Source: New Zealand Governor General
Kei nga mana, Kei nga reo, Rau rangatira ma
Koutou, tātou, kua tatū mai i runga i te reo karanga o te rā
Tēnā tātou katoa.
Me mihi te mana whenua, ka tika!
He piko, he taniwha! He piko, he taniwha!
Tihei ki te whai ao, ki te ao marama.
Ka mihi ki te kaupapa o te rā, nana i powhiri,
arā te tuwheratanga o tēnei whare
Te whare e tu nei, Tēnā koe
No reira, Tēnā koutou, tēnā koutou, Tēnā tātou katoa.
Kiingi Tuheitia Potatau Te Wherowhero te Tuawhitu
Russ Rimington, Chair, and Dr Chris McLay, Chief Executive Waikato Regional Council
Members of Parliament, Mayors and Councillors
Other distinguished guests.
I am honoured to join you today for the official opening of the Waikato Regional Council’s new home.
Having grown up in this region – and having attended Hamilton Girls High School just up the road – I feel like I am returning to my old haunts today. So I am pleased this celebration could happen before my term of office ends in a few months’ time.
Today marks a milestone in the work of an agency that plays such an important role in the kaitiakitanga of the Waikato region.
When I looked at the map and realised the full extent of your rohe, I reflected on the unique responsibilities shouldered by the Regional Council.
There’s the extraordinary geographical diversity, there’s the rapidly expanding population, and there’s the considerable contribution the region makes to the national economy.
The interests of a significant Māori population are recognised in the two Māori constituencies in the Council, and in the co-management of the Waipā and Waikato Rivers – along with a growing expectation that mātauranga Māori will inform decision-making processes.
And as with every region in Aotearoa, there are the looming threats of climate change and biodiversity loss to contend with.
We know that a significant majority of New Zealanders are concerned about the impacts of climate change – and I recognise the role that the Regional Council plays in monitoring and mitigating those impacts, and in setting expectations around human activity.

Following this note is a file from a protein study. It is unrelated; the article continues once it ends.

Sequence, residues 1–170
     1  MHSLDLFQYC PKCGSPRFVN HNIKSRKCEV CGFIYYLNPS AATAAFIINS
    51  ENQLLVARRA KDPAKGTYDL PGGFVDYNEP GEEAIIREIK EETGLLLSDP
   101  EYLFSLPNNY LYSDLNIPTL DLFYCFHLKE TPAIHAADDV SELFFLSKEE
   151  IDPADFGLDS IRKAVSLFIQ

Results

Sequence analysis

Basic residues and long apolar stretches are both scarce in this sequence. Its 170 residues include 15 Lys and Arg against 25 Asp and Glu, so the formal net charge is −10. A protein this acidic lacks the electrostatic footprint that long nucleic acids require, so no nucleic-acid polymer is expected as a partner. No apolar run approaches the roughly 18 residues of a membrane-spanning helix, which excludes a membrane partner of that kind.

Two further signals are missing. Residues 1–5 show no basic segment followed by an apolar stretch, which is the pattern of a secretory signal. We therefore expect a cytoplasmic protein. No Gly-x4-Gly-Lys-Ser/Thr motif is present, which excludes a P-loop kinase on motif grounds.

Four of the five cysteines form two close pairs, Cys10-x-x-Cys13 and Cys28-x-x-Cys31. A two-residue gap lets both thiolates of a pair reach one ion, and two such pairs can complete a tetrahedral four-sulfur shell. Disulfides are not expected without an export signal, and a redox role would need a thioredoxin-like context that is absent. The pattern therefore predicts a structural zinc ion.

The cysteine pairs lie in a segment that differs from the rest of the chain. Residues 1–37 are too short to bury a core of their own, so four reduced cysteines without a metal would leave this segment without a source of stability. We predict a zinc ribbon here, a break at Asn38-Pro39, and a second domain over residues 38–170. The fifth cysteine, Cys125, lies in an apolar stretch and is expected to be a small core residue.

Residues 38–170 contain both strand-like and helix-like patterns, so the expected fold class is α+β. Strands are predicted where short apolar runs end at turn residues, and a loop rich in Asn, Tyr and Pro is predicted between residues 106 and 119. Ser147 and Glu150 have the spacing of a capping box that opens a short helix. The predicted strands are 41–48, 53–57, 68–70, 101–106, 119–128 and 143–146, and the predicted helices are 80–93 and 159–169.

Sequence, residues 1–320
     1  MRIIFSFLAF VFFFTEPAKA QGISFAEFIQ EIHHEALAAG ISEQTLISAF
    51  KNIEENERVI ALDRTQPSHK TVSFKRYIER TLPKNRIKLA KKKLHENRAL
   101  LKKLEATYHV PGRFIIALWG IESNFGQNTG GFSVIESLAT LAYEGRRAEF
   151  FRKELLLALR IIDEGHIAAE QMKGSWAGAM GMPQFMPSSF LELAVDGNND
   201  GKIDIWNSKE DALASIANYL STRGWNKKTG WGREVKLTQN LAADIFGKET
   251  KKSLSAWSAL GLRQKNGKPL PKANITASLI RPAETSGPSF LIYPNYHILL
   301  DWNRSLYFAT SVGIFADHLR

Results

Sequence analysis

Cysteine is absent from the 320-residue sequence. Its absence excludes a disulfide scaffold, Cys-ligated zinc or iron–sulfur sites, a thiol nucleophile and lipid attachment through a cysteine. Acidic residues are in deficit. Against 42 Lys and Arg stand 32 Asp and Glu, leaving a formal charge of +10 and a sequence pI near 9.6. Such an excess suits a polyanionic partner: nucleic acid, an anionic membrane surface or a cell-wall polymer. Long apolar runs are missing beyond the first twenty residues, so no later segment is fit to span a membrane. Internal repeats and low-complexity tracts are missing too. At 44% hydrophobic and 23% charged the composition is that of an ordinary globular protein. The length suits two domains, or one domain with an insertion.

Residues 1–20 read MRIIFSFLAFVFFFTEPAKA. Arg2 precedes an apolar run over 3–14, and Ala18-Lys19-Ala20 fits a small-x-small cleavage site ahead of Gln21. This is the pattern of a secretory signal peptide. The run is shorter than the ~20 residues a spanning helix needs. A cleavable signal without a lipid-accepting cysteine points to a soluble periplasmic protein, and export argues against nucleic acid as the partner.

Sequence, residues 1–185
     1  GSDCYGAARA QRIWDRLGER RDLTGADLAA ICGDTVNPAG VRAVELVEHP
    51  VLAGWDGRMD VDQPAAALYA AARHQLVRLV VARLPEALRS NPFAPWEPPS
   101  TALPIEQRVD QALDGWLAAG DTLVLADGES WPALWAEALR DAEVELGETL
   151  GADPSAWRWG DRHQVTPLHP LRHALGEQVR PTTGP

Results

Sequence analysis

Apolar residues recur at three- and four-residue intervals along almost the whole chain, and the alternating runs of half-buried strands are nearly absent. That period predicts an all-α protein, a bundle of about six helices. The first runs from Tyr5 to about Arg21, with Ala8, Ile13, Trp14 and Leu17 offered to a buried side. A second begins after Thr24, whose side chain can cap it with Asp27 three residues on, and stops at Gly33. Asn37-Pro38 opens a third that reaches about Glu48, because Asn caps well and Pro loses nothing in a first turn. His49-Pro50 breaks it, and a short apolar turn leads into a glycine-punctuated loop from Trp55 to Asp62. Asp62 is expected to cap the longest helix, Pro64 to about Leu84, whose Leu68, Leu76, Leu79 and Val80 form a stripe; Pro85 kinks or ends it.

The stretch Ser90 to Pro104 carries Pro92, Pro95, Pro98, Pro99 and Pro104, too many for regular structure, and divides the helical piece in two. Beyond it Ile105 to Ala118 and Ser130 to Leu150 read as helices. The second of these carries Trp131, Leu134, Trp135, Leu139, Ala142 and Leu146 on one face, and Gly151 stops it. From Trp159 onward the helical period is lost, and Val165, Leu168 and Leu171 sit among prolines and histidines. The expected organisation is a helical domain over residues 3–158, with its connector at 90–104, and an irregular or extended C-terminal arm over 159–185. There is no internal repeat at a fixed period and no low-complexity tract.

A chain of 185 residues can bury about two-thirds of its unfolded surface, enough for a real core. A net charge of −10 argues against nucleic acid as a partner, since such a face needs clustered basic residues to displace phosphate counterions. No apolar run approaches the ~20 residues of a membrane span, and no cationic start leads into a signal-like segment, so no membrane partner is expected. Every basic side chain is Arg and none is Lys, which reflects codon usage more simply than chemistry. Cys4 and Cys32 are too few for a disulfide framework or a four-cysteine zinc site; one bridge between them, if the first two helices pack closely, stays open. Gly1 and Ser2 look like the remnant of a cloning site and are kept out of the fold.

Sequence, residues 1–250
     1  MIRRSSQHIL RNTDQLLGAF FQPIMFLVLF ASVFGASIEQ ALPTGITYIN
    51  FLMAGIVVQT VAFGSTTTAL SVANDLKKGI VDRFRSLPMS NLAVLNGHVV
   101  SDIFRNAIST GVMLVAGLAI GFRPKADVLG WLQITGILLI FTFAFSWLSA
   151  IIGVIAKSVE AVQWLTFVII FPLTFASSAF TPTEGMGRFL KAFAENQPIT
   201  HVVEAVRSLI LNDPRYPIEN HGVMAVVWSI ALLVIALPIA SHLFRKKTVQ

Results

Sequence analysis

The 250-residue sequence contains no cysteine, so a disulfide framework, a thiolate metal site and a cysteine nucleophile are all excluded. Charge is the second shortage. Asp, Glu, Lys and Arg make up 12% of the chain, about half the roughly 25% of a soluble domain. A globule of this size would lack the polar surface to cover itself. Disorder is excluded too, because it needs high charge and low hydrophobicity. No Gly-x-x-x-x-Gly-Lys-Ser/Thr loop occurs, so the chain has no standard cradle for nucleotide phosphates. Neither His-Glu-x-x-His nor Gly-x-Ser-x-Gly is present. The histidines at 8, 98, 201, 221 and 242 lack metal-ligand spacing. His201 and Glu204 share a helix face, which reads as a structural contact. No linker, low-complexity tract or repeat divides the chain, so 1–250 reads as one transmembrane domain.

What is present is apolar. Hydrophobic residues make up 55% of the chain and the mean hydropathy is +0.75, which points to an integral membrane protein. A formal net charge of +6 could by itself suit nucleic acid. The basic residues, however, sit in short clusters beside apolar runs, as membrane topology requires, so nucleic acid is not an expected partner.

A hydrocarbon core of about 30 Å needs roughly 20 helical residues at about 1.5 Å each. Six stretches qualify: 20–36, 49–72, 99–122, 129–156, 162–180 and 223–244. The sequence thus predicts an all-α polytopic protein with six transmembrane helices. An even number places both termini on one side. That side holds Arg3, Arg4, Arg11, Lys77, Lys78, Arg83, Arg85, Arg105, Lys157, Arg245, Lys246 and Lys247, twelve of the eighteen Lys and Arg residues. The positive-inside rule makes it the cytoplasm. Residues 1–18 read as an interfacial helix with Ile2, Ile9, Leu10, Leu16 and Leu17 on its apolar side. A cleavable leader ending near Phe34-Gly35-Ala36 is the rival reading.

What is not so well recognised, is the equally serious threat of biodiversity loss.
I encourage any efforts to raise public awareness that we are all kaitiaki of increasingly fragile ecosystems, and that our very wellbeing – indeed human survival – depends on the health of complex webs of species.
We are not the centre of the universe, we are merely a part of it.
Ka ora te whenua, Ka ora Te tangata.
In my travels around the motu, and through my patronage of the Aotearoa Circle, I have seen the impressive results that can be achieved when local government, iwi, government agencies, businesses, scientific experts and communities work together for the public good.
David and I were very impressed when we visited one such example in your rohe – Sanctuary Mountain Maungatautari – earlier this year.
Along with other corridors of forests in the region, it is helping to provide a sustainable, predator-free, habitat for precious flora and fauna, with a resulting halo effect on the surrounding landscapes. It’s exciting to know that network is expanding.
I know there are many local heroes working hard to restore wetlands, preserve mangroves, plant alongside waterways, clean up gullies, eradicate noxious plants and predators, and help protect and rebuild vital ecosystems.
And the momentum of this work is gathering speed.
As your strategic plan recognises, vibrant communities and a prosperous economy cannot exist without a healthy environment.
So I wish you well with your ambitious programme of projects focussing on environmental restoration, biosecurity and climate resilience across the Waikato region.
In choosing to move into this building, it’s good to see the Regional Council walking the talk and including sustainable architectural features.
And now it’s my pleasure to officially open the building, one of the motherships for your important work, and to wish the Waikato Regional Council every success in the years to come.
 To the many distinguished guests gathered here today, may I acknowledge you, one and all. I especially acknowledge Waikato Tainui of whom it is said that at every bend in the river stands a leader. Aha! Tis the world of enlightenment. I acknowledge the reason why we have gathered here today, the opening of this beautiful building. I greet you, everyone gathered here, greetings one and all.